Baltimore Man Sentenced to over 11 Years in Prison in Scheme to Steal Identity Information and Cash Stolen Checks

Over Three Decades Conspirators Stole Thousands of Pieces of Residential Mail - Inserting Advertising Circulars Into the Mail Box While Simultaneously Removing the Mail

January 23, 2009

Baltimore, Maryland - U.S. District Judge J. Frederick Motz sentenced Loquann Johnson, age 53, of Baltimore, Maryland, today to 134 months in prison followed by three years of supervised release for conspiracy to commit mail fraud and aggravated identity theft in connection with a scheme used to cash stolen checks, announced United States Attorney for the District of Maryland Rod J. Rosenstein. At sentencing Judge Motz found that Johnson was one of the organizers of the scheme, which had more than 250 victims.

According to information presented to the court at his plea hearing and court documents, from the early 1980s until May 2008, Johnson, Maurice Racks, Joseph Lawrence and others targeted neighborhoods with outdoor mail boxes, heavily canvassing those areas at the beginning of each month and during tax refund season, to obtain thousands of pieces of stolen mail, including identity information, checks and credit cards. They would place advertising circulars in an outdoor mail box while simultaneously taking out mail.

Once the mail was stolen, Johnson, Racks, Lawrence and others would take photos of themselves and others, to be used to produce false identification. They created thousands of fraudulent identifications including social security cards, identifications from federal and state agencies and driver’s licenses. They called check issuing companies posing as legitimate check cashing establishments and requested social security numbers of the rightful recipients of the checks that they had stolen. They also cut telephone lines of residences from which they had stolen mail to prevent a fraud loss or check verification call.

After an identification card was made, Johnson, Lawrence, Racks and their associates would test the individual for whom the fraudulent identification was made to make certain that he/she was familiar with the stolen check recipient’s information in order to avoid detection. To ensure the impersonation was successful, the co-conspirators would use costumes, including medical scrubs, wheelchairs, canes, suits, hats and sunglasses. If the check was a higher dollar amount, the presenter might wear a suit. After use, the costumes were discarded to avoid detection. The co-conspirators preferred to cash the stolen checks at check cashing establishments that did not take a photograph of the check presenter. In the early years of this scheme, these establishments were plentiful and Johnson and his associates cashed thousands of checks with ease. As technology improved, the conspirators began to target more grocery stores and liquor stores.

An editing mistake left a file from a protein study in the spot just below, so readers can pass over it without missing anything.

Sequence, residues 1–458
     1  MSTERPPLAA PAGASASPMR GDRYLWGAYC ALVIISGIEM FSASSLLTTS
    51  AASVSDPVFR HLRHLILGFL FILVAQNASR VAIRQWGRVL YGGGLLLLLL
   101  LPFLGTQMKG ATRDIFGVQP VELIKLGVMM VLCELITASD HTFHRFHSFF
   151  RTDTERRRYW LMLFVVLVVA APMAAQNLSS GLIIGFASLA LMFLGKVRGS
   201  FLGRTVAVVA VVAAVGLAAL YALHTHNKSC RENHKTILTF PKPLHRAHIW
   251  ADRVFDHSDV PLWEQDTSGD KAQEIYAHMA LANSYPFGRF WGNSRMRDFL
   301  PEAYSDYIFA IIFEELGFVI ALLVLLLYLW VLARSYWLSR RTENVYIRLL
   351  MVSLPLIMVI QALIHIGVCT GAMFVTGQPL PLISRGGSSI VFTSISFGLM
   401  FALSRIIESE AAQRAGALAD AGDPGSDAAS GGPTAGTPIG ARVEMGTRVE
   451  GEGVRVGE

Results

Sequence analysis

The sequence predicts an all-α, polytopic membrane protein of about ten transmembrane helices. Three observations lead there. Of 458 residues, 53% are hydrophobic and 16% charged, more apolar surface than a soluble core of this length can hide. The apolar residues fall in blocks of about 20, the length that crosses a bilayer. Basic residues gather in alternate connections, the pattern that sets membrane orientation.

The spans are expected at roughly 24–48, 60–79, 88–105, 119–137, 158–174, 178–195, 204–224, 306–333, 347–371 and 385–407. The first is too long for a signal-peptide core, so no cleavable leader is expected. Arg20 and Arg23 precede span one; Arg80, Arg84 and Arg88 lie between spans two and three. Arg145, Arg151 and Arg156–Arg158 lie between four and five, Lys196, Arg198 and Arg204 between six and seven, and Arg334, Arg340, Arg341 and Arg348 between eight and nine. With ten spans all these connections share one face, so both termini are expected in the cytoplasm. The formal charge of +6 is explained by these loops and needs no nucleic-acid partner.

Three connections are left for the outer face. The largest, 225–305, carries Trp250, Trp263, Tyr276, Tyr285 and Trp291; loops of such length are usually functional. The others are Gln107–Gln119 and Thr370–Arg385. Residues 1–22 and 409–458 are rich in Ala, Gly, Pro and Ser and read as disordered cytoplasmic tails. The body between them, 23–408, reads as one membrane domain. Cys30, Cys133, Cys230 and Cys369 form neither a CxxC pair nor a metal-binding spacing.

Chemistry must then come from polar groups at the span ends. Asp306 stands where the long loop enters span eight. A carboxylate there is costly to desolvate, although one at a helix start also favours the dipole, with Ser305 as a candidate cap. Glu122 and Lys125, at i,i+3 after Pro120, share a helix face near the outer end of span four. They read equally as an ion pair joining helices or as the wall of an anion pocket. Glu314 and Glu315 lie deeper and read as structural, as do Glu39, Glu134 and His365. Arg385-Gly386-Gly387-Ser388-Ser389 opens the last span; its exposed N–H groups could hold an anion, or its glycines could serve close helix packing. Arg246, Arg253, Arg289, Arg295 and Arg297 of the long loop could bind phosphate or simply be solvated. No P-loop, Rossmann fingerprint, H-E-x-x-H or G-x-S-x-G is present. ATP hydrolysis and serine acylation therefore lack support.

During several searches executed between September 28, 2007 and May 2, 2008, law enforcement recovered from motel rooms being used by Racks, Lawrence and a co-conspirator, stolen checks sent by institutions including the Housing Authority of Baltimore City, Child Support Enforcement Administration, the Department of the U.S. Treasury, and the Comptroller of Maryland; a FedEx Kinko’s copy card; photocopies of identification cards from the State of Maryland, Baltimore City Department of Social Services, Baltimore City Community College, MVA, and the Social Security Administration; a polaroid camera, used to facilitate the production of false identification documents; two typewriters, the ribbons of which contained identifying information and social security numbers for 301 individuals; supplies to create false identification cards, including glue sticks, passport size photos of individuals including Racks, colored pencils, laminating paper and a typewriter; and more than 78 stolen Netflix DVD’s.

On February 27, 2008, Johnson, posing as the check recipient, went to a convenience store in Baltimore, and using the victim’s social security number, cashed a $2,000 check issued by the State of Maryland that had been stolen from the victim’s mail.

Over the course of the scheme, Johnson and his co-conspirators cashed dozens of checks of $5,000 or more, and hundreds of checks of $1,500 or more. Johnson admitted to cashing over $25,000 in checks in one day. Johnson is responsible for at least $400,000 in loss based on his participation in the scheme.

Maurice Racks, age 53, and Joseph Lawrence, age 44, both of Baltimore, previously pleaded guilty to their involvement in the scheme and are scheduled to be sentenced on February 24, 2009 at 10:00 a.m. and March 20, 2009 at 11:00 a.m., respectively.

United States Attorney Rod J. Rosenstein thanked the U.S. Postal Inspection Service, the Social Security Administration - Office of Inspector General and the Baltimore County Police Economic Crimes Unit for their investigative work. Mr. Rosenstein commended Assistant United States Attorney Solette A. Magnelli, who is prosecuting the case.



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